Forever 21’s tag is sewed into the threads of millennial and gen-z fashion culture, and it has helped define trendy for the past decade. As a result, the brand fills many closets with $2 camisoles and $7 jeans.
But the fast fashion giant, which many consumers assumed would be around forever, has filed for bankruptcy protection while it attempts to reorganize. A spokesperson said the company plans to close up to 200 U.S. stores in the process.
At its peak in 2015, Forever 21 was operating 480 stores. But it has since fallen victim to a shifting consumer landscape.
In a March survey, Business Insider found that millennials make 60% of their purchases online. Most millennials prefer shopping online than shopping in a physical store.
Forever 21’s bankruptcy filing potentially opens up a massive audience in fast fashion, which depends on catching trends early and bringing them to market at breakneck speed. Ask just about any young woman to name her top three clothing stores, and you inevitably will find Forever 21 on the list.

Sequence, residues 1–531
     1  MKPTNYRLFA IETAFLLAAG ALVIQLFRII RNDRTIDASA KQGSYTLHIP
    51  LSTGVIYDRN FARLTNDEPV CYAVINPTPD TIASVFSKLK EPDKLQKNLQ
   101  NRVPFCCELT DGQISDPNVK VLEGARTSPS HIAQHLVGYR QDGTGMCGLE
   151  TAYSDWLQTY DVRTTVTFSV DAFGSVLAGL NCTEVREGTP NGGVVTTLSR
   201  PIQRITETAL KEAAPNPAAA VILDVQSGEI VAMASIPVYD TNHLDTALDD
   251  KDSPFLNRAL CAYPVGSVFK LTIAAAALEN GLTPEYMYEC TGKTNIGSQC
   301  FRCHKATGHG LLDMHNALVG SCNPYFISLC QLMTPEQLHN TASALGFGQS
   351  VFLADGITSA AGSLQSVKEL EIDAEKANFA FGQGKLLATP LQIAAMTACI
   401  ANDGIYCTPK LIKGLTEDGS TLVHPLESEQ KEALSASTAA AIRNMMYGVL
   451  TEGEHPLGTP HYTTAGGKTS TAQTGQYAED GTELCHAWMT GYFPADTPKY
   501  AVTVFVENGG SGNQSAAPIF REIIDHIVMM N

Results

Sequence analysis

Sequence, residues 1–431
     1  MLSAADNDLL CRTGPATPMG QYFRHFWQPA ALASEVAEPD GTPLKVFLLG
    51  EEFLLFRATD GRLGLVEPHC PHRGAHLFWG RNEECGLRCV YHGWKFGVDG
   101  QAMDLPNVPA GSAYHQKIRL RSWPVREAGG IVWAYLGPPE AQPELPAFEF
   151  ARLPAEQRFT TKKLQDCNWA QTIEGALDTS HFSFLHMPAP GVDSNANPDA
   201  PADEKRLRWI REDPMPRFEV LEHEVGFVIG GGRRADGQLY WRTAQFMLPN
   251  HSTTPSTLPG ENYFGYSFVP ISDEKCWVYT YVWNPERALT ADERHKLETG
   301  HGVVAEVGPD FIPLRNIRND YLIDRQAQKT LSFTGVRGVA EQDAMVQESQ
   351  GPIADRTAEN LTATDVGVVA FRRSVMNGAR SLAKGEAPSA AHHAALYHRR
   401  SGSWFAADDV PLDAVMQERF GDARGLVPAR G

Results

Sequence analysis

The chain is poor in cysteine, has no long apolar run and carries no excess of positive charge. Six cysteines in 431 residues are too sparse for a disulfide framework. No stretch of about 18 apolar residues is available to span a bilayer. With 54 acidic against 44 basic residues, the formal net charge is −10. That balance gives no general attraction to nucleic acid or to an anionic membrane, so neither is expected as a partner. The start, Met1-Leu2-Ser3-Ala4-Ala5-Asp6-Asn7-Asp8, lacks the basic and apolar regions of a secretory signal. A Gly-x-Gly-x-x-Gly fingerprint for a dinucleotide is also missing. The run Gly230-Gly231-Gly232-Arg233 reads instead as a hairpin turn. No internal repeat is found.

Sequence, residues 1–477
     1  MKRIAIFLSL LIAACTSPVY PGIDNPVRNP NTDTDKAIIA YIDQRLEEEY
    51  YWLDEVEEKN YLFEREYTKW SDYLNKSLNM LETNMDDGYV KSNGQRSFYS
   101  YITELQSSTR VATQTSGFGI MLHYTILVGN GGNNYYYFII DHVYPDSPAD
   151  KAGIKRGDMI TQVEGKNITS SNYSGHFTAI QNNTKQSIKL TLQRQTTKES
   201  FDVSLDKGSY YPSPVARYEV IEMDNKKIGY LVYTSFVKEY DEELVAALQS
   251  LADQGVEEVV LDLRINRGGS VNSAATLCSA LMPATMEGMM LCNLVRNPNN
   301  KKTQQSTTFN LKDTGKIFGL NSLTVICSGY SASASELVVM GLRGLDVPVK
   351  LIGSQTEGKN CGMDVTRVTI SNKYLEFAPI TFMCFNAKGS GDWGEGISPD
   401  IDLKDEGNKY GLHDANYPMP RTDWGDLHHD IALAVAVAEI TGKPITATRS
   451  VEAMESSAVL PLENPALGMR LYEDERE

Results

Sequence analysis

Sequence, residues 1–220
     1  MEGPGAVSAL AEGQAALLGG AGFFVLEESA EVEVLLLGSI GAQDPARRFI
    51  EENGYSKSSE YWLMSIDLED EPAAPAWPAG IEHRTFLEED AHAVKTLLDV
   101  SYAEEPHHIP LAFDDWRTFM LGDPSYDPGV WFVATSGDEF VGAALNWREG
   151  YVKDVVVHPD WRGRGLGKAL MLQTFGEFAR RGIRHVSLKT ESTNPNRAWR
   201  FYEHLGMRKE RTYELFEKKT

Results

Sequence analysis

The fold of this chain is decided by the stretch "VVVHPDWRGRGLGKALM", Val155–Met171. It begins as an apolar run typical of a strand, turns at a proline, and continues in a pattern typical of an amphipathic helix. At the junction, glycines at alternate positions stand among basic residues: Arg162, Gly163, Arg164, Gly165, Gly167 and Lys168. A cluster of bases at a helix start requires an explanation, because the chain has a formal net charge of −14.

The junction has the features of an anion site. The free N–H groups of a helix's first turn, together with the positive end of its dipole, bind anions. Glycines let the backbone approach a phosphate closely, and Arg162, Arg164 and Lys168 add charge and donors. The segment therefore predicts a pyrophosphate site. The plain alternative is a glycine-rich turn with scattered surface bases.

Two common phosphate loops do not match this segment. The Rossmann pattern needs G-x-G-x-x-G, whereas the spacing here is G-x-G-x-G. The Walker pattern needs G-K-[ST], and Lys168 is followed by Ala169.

Sophomore Josie Duey is among that group. She said her big three are Ross, Old Navy and Forever 21, which account for about 10% of everything in her closet.
Duey goes to Forever 21 for specific clothes; notably summer and late-night outfits. She shops there because the brand’s style is always up to date. Even though the material is cheaply made, thus prone to falling apart, the inexpensive pricing makes up for it.
Her older sister Kylee, a senior, is taller. She’s not as fond of Forever 21 because it carries a limited range of sizes and its “large” isn’t really large. She likes Ross and Old Navy better.
Forever 21’s brand identity is trendy and edgy, but it’s been losing traction lately to brands like Fashion Nova, which puts its focus on e-commerce. Business Insider said competitors are beginning to eat seriously into the line’s one-time dominance.
Josie Duey said some of her friends would be devastated if Forever 21 disappeared. “But clothes are clothes and people will find them,” she said.